The final point I would like to make is that the challenge is great, the reasons for pessimism manifold but there are also important reasons for hope and they are coming out of Africa. It is in Europe’s self interest as well as its moral duty to respond but to do this we must change the discourse to a commitment to justice and respect from the current language of charity and pity. Too much of the NGO campaigning is simplistic and puts the voice of well meaning young Europeans above those of Africa. It is also often economically illiterate and suggests that Africa needs to develop behind high tariff barriers without foreign Direct Investment. I am not an economist but when we face the fact that Ghana and South Korea had the same GDP per head in 1968, we must reflect on the lessons. Inward investment and a huge investment in education, lifted up the Asian tigers. Inward investment and a huge investment in education drove Ireland’s economy forward so that it is now wealthier than its old colonial exploiter Britain. Africa is making progress in ending wars and driving regional economic integration which overcomes much of the destructive consequences of the colonial boundaries and creates larger markets for domestic business and to attract inward investment. There are also tighter controls on money laundering. This is important alongside the reforms that have been taking place in banking. 40% of Africa’s savings have traditionally left the continent which contrasts massively with Asia at 5%. This must change. Africa’s savings must be attracted to invest at home and thus help lift up the economy of the continent. Improved banking is crucial to this.

The failure of the Doha trade round, which promised fairer trade rules for developing countries is a serious setback. But there has been progress in improving Africa’s access to the European market under the Everything but Arms agreement and similar agreements with other regions. The problem of agricultural dumping remains serious with each European cow being subsidised at $3 per day and then milk powder and meat being exported to Africa at less than cost price and thus undermining Africa’s agriculture. But there are also promises of reduced subsidies. On trade we must work to win for Africa a further package of changes in trade rules. This requires attention to detail rather than generalised anti-WTO rhetoric.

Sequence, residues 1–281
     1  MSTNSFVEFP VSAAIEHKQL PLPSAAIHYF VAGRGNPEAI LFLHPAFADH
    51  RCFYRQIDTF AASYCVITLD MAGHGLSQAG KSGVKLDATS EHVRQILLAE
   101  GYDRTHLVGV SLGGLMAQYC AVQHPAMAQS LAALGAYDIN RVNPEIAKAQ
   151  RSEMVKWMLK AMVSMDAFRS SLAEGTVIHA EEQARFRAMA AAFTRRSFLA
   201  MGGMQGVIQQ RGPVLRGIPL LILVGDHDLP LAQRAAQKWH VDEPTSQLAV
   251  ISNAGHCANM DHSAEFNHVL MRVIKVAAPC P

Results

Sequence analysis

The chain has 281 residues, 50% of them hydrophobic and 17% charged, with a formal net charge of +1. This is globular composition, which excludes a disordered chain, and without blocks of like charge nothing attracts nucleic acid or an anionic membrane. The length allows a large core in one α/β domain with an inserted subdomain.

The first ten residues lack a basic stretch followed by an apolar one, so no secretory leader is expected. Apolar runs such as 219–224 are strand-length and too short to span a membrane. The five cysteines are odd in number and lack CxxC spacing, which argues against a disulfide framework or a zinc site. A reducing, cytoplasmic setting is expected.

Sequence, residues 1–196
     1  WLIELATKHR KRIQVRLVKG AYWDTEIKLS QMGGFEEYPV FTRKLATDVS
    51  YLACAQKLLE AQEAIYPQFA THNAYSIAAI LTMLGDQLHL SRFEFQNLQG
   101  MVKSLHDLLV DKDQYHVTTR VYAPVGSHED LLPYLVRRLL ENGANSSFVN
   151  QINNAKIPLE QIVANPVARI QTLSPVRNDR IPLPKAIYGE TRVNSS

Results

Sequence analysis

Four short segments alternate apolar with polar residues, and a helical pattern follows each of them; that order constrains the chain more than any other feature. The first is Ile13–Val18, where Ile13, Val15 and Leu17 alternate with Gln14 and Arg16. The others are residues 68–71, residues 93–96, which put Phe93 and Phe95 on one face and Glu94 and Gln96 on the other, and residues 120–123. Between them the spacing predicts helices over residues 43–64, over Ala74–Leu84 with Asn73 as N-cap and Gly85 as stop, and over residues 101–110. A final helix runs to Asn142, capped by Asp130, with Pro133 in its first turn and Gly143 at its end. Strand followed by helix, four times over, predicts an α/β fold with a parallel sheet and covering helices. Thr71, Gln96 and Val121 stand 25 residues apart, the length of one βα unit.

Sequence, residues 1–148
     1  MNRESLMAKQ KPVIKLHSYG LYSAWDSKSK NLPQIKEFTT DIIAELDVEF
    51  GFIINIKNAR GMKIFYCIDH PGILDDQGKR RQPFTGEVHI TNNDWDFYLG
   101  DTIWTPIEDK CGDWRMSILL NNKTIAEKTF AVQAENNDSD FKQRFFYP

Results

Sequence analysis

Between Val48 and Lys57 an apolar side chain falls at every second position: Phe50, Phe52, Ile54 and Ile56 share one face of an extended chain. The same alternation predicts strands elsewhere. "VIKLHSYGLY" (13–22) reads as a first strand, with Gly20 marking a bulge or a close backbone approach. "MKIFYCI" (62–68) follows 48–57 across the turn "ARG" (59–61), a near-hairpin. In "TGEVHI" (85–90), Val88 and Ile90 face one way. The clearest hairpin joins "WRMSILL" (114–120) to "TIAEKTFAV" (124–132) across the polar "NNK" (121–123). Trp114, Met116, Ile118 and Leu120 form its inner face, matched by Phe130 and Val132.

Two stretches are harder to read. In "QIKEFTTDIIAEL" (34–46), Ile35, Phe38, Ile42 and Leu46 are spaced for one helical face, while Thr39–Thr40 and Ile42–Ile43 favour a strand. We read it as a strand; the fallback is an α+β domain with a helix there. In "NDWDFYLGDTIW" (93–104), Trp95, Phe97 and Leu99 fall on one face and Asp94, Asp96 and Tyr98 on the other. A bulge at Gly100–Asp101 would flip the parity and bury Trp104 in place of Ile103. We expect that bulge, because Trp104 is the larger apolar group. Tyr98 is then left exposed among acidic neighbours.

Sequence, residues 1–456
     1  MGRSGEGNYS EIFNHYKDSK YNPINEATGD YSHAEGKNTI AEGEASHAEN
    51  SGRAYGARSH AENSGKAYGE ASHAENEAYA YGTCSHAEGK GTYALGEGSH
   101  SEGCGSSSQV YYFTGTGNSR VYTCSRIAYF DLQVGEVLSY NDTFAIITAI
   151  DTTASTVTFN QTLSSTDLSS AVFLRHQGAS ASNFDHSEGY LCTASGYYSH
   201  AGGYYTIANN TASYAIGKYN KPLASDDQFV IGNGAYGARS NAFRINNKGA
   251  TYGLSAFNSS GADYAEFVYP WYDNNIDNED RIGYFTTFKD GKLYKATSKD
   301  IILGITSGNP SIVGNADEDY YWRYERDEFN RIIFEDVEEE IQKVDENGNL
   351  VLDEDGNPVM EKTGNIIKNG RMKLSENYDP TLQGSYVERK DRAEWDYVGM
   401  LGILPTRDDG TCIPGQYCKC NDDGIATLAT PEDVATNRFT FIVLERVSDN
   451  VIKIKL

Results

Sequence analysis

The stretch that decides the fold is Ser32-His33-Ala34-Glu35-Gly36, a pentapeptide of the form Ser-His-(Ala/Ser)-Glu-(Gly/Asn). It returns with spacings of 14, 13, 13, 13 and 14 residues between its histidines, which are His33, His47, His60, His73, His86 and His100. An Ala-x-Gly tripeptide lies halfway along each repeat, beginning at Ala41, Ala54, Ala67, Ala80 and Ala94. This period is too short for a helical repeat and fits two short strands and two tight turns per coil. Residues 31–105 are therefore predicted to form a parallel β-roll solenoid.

What would be the equivalent for Africa of the inward investment in manufacturing assembly which lifted up the Asia tigers and is driving such massive progress in China? I suspect it should be partly agricultural processing for the European market together with call centres staffed by people with rich language skills that Africa has in such abundance and who live in the same time zone as Europe. Currently the move is to India. I see no reason why Africa should not attract more of that business and I understand it is beginning to do so. In agriculture, Africa’s coffee, cocoa, tea, cashew, fruits and other products leave the continent unprocessed. I understand that Germany for example is a major coffee exporter so that all the roasting and packaging jobs and value added takes place out of Africa. Even the fair trade chocolate bar is made in Europe. Only the slightly better price for the cocoa goes to Africa.

There is much to do and much that can be done. We must get beyond the rhetoric and attend to the detail. But I am hopeful despite the challenge because there are new forces at work in Africa, because Europe is changing, because it is in the interests of the people of both continents to change and because if we do not the future is bleak for all of us. My hope is that the challenge this involves will be part of a commitment to a new more equitable world order and a more sustainable and less consumerist way of life. Without such a change, we will all reap the whirlwind of climate change and growing environmental crisis.